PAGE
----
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Health - Why we need a national conference, a national campaign

Kevin Keating 

3 March 2008

After a long time in which the news has been about defeat and retreat, there may be news of a change of pace and of working people challenging the government and capitalist class and organising to defend their rights. 

This possibility, still only a fragile prospect, has arisen in relation to the governments plans for co-location in the health service, the endless scandals and failures of the existing system, and a willingness on the part of a number of groups to begin to organise a defence.

The possibility follows a spurt of activity, firstly involving the organisation of groups of health service workers and protests by consultants, then local area groups, then a Labour party meeting, followed by a meeting organised by the Socialist Party, then a Dublin trades council meeting and a plan for a trade union demonstration.  There are also proposals for a national conference.

There are however many difficulties. As we have seen many times before, residents groups by themselves have great difficulty in breaking away from local structures and mounting a national challenge.

While it is better that the Labour Party oppose co-location than support it, their protestations lack conviction.  It is not so long ago that the party stood in election on a right-wing programme that would easily have accommodated co-location. Its current opposition is unlikely to go beyond parliamentary pantomime in the Dail.

Dublin trades council organised a meeting calling for a decent health service.  It was firmly orientated towards the bureaucracy, organised in conjunction with the youth committee of ICTU and in conjunction with the health union leaderships. The bureaucracy dominated the platform, although Janette Byrne, of the campaign group Patients Together and Conor MacLiam, husband of Susie Long, who died of cancer because she was unable to jump the long queue built into the current health service, also spoke. 

When we strip away the rhetoric, the stories of individual tragedy and the bombastic outrage, the position of the bureaucracy was spelt out very clearly by Liam Doran of the Irish Nurses Organisation (INO).  He supported the ICTU policy of ‘constructive engagement’ as he coyly termed it.  It was a view that cut across the contribution of Conor Mac Liam.  He reported that one of the dying requests of his wife, Susie Long, was that the unions reject partnership with the government and bosses based on such decay of the health service.

Ironically is was not so long ago that ICTU and SIPTU were openly scabbing on industrial action by the nurses, arguing that all their demands could be met inside the partnership tent and specifically within the ‘benchmarking’ mechanism.  Liam Doran for his part managed to lead the nurses to defeat for the second time in 10 years despite the overwhelming public support for their case.  The benchmarking report has come and gone and delivered nothing for the nurses or anyone else. The response from the unions, both Doran and his opponents, was silence.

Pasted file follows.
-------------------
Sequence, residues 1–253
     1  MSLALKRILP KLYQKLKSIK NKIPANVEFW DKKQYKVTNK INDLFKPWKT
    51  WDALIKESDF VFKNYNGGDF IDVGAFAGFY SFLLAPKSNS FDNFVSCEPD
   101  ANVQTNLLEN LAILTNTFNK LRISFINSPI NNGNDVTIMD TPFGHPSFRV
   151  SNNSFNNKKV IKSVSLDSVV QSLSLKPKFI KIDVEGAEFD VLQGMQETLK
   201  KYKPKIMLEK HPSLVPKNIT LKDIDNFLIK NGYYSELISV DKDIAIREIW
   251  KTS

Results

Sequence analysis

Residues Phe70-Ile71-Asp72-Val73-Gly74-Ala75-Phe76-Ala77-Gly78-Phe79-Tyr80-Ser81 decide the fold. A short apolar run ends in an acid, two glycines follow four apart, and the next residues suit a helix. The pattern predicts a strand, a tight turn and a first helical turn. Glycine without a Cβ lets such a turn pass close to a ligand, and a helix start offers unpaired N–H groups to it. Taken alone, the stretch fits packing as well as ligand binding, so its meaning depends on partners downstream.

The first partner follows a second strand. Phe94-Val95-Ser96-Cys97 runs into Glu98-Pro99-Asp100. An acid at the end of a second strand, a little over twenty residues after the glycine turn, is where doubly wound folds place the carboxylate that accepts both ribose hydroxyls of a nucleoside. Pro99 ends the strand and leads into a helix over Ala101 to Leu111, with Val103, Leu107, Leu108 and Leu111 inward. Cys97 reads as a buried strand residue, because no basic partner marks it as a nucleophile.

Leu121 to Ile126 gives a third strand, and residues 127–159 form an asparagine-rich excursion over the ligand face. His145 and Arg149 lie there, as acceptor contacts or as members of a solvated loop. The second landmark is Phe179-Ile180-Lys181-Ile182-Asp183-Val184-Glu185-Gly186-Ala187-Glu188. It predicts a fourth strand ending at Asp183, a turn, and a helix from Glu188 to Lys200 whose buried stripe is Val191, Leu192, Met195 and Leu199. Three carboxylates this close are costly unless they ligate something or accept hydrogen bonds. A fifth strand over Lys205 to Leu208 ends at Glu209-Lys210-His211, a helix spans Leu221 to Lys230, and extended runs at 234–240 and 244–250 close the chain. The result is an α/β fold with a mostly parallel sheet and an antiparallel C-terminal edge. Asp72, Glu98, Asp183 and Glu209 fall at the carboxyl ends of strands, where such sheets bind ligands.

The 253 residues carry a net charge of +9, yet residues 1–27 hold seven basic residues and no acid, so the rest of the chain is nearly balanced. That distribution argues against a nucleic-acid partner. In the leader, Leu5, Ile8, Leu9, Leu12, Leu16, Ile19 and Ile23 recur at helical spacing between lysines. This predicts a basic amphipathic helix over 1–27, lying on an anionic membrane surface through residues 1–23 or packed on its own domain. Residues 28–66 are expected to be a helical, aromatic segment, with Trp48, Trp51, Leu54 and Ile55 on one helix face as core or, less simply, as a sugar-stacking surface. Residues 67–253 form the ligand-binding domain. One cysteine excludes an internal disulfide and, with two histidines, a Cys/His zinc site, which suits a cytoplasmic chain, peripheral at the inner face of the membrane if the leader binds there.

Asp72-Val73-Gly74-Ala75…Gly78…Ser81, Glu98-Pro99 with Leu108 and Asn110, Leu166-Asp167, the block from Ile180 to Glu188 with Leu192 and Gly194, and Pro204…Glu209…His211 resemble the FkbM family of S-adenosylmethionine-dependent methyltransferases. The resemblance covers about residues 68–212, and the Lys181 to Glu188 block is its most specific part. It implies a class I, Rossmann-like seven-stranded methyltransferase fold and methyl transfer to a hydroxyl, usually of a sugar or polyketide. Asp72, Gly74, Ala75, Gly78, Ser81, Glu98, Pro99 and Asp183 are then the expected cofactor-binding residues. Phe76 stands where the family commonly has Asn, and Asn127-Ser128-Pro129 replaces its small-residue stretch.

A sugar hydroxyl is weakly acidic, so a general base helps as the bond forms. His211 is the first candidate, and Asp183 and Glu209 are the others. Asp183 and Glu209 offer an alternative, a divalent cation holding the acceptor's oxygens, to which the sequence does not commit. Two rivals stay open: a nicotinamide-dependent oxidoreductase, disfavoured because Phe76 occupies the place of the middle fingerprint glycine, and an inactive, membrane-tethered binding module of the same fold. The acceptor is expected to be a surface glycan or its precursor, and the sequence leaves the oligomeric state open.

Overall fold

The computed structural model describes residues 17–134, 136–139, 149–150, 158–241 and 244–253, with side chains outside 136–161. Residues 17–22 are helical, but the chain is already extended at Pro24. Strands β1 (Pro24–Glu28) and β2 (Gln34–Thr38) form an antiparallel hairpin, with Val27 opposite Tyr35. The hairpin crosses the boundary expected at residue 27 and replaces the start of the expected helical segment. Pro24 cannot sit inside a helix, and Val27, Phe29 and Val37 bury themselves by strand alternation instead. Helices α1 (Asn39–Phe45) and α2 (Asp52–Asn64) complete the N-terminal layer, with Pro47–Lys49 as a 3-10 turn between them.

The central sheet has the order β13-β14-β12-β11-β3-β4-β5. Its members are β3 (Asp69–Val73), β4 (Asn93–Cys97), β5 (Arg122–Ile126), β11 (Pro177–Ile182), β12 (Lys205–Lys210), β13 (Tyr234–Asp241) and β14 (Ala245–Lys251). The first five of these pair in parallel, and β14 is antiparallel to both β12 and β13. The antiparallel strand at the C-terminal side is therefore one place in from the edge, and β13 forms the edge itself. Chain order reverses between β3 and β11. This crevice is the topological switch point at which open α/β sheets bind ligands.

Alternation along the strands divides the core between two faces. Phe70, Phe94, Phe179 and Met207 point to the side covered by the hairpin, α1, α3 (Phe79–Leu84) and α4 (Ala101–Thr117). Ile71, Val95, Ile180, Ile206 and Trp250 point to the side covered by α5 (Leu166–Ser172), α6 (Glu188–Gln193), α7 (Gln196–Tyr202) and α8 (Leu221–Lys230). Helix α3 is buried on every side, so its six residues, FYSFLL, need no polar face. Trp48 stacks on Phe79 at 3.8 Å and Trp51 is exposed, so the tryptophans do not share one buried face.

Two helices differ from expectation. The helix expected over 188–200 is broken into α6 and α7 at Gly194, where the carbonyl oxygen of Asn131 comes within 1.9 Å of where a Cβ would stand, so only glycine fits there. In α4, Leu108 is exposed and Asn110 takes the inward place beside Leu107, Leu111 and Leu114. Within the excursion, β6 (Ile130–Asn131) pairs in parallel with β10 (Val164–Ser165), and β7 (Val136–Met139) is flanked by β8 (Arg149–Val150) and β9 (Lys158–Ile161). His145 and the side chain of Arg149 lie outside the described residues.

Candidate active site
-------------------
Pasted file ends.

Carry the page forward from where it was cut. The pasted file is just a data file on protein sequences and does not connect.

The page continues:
In reality it was the previous partnership agreement before the current ‘Towards 2016’ deal where the bureaucracy accepted mass privatisation of public services.  Today the main expression of that privatisation drive in health is the Health Services Executive (HSE).  This unelected quango (it is so immune from public scrutiny that it reports to the Dail in private session) makes all its decisions by declaration, without any consultation – the most striking example of this being its unilateral decision to freeze recruitment of hospital staff. It also operates ‘Health forums.’ These are pretty naked attempts to bring opposition inside the tent and smother it, with no mechanism for the forums to influence policies already decided. Yet it is inside the forums that we find the union bureaucrats, and it is in this light that we should judge their willingness to fight.

Although the trade union meeting was publicised as the launch of a campaign, there was no mention of a campaign in the discussion and no contact list was taken up to keep in touch with those who attended. 

The other point made by Conor Mac Liam was that his wife had understood that her death and the other almost daily atrocities occurring in the health system were driving people to take up private insurance out of fear. The disastrous state of health care is a predictable outcome of government policies and not a series of mistakes or incompetence. The sharp divergence  between the experience of the health system of  Conor Mac Liam and  others who spoke in the hall and the clear intent of the bureaucrats on the platform to do nothing different than they had for the last 20 years meant that the only way to avoid confrontation with the bureaucracy was for the meeting to be tightly controlled and only very short contributions were allowed from the floor. 

What has followed is a demonstration on 29th of March – a march sponsored only by the Trades council, with no mention of ICTU or of a ‘conjunction’ with the health union leaderships.

Some of those involved in the march have already indicated that the bureaucrats do not look with favour on further activity. The likelihood is that, as with so many trade union demonstrations, the march will mark both the beginning and end of official trade union sponsorship or of any meaningful  battle  against the offensive on  health care  that involves the bureaucrats.


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